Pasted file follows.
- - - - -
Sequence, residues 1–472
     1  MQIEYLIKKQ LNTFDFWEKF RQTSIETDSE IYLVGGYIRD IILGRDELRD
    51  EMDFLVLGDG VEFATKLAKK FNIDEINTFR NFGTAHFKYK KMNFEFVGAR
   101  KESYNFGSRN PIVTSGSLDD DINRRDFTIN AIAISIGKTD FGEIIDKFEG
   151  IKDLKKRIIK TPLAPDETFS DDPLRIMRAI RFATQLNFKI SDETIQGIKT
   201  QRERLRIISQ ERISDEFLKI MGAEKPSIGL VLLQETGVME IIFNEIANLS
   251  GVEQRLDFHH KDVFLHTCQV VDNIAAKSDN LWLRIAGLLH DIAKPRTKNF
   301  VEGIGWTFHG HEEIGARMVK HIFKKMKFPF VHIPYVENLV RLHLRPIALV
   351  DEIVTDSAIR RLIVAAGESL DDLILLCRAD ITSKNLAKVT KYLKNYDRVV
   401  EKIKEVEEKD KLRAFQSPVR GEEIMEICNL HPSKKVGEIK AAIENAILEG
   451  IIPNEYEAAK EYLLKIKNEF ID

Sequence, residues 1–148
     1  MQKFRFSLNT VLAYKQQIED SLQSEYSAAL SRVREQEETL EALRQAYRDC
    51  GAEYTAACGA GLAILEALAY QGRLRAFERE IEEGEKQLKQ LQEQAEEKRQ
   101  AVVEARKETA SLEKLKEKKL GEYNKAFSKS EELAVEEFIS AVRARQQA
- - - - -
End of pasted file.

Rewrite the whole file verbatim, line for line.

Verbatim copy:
Sequence, residues 1–472
     1  MQIEYLIKKQ LNTFDFWEKF RQTSIETDSE IYLVGGYIRD IILGRDELRD
    51  EMDFLVLGDG VEFATKLAKK FNIDEINTFR NFGTAHFKYK KMNFEFVGAR
   101  KESYNFGSRN PIVTSGSLDD DINRRDFTIN AIAISIGKTD FGEIIDKFEG
   151  IKDLKKRIIK TPLAPDETFS DDPLRIMRAI RFATQLNFKI SDETIQGIKT
   201  QRERLRIISQ ERISDEFLKI MGAEKPSIGL VLLQETGVME IIFNEIANLS
   251  GVEQRLDFHH KDVFLHTCQV VDNIAAKSDN LWLRIAGLLH DIAKPRTKNF
   301  VEGIGWTFHG HEEIGARMVK HIFKKMKFPF VHIPYVENLV RLHLRPIALV
   351  DEIVTDSAIR RLIVAAGESL DDLILLCRAD ITSKNLAKVT KYLKNYDRVV
   401  EKIKEVEEKD KLRAFQSPVR GEEIMEICNL HPSKKVGEIK AAIENAILEG
   451  IIPNEYEAAK EYLLKIKNEF ID

Sequence, residues 1–148
     1  MQKFRFSLNT VLAYKQQIED SLQSEYSAAL SRVREQEETL EALRQAYRDC
    51  GAEYTAACGA GLAILEALAY QGRLRAFERE IEEGEKQLKQ LQEQAEEKRQ
   101  AVVEARKETA SLEKLKEKKL GEYNKAFSKS EELAVEEFIS AVRARQQA